Wo Long: Fallen Dynasty is too easy for its own good


2022’s release of Elden Ring garnered a lot of very well-deserved attention in the gaming world. Elden Ring was even chosen to be 2022’s Game of the Year, beating out God of War: Ragnarok in the process. 

With all this attention around games in the same genre as Elden Ring and Dark Souls, both made by the same studio, it was a given that a few copycats were going to arise here and there. Enter Team Ninja.  

Team Ninja is a studio that has been responsible for more than one game that falls in the same genre as Dark Souls, these are most commonly called, “Souls-like.”  

Nioh, released in 2017, was the studio’s first foray into the genre, and it was a critical success. Likewise, its sequel, 2020’s Nioh 2, expanded upon and improved the formula of what made the first game great.  

Almost exactly three years since the release of Nioh 2, Team Ninja returns with the release of Wo Long: Fallen Dynasty in March of 2023.  

Set in ancient China, Wo Long follows a rather predictable story in which the player will face a variety of both human and monstrous enemies.  

Rather than being an expansion of the Nioh formula, Wo Long feels like it’s trying to create its own identity while still maintaining a similar feel to other Souls-like games. 

Largely, it succeeds in this venture. Rather than a dodge-roll system that is present in both Nioh and Dark Souls, Wo Long opts to use a deflect system for its combat. 

This is more reminiscent of 2019’s Sekiro: Shadows Die Twice, which was also made by the same studio who created Dark Souls, From Software.  

To put it bluntly, Souls-like games are meant to be hard. There is a very heightened sense of difficulty when one plays these games and the learning curves they present are supposed to seem more like learning mountains that are near impossible to climb.  

While this may seem counter-intuitive to retain player attention, it’s actually part of the games’ charm. Being able to finally defeat a boss after hours of hard work and memorizing their move-sets is what makes these games so rewarding.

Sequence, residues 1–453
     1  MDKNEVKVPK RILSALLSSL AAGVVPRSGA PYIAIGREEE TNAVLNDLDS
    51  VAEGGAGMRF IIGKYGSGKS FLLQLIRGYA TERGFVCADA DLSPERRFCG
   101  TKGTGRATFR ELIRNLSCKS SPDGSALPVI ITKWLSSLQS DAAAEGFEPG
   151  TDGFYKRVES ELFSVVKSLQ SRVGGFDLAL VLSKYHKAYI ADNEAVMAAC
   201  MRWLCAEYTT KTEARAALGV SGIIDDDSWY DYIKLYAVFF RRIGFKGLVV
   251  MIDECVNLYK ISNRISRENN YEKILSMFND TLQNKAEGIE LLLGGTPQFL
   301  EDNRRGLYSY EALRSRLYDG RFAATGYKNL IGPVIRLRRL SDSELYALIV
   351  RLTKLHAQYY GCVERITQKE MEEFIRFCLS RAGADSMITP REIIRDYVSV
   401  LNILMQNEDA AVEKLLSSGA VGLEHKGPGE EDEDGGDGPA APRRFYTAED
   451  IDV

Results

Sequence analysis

This is where Wo Long suffers, it’s simply too easy, and the fault lies entirely in how the deflect system is set up.  

Where Sekiro had a deflect timeframe window that was extremely small, it was still fair and predictable given enough practice. Wo Long, on the other hand, suffers in this regard. 

The amount of time that Wo Long gives you feels like an eternity in comparison to Sekiro, and most players who are familiar with Souls games will be able to nearly master it in a matter of minutes.  

This is compounded with the fact that the block button is separate from the deflect button, and neither action is mutually exclusive to each other.  

Players can hold down the block button and go straight into a deflect when an enemy attacks. If the player fails to time the deflect right, their character will just block the attack anyway, negating any sense of punishment that would be present in other Souls games. 

Granted, when the player gets into a groove of continually deflecting attacks without taking damage, the combat feels very satisfying and rewarding. However, this is practically negated by the lack of a sense of extreme accomplishment that other Souls games offer.  

The hardest boss in Wo Long will likely take players about an hour to beat, varying on a case-by-case basis. This is a far cry from some of the most punishing enemies in games like Elden Ring, that really test the resolve of the person playing.  

Despite this rather glaring flaw, Wo Long is still more fun than it is not. It’s available on Game Pass so players on PC or Xbox who have the service can just jump in and try it out for free to see if they enjoy it.